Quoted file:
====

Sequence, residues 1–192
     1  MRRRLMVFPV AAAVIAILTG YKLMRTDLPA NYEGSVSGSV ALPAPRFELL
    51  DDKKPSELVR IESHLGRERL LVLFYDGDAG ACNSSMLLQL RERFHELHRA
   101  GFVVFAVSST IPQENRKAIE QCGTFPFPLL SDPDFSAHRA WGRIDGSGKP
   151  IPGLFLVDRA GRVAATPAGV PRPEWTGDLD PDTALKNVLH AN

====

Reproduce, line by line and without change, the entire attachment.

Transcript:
Sequence, residues 1–192
     1  MRRRLMVFPV AAAVIAILTG YKLMRTDLPA NYEGSVSGSV ALPAPRFELL
    51  DDKKPSELVR IESHLGRERL LVLFYDGDAG ACNSSMLLQL RERFHELHRA
   101  GFVVFAVSST IPQENRKAIE QCGTFPFPLL SDPDFSAHRA WGRIDGSGKP
   151  IPGLFLVDRA GRVAATPAGV PRPEWTGDLD PDTALKNVLH AN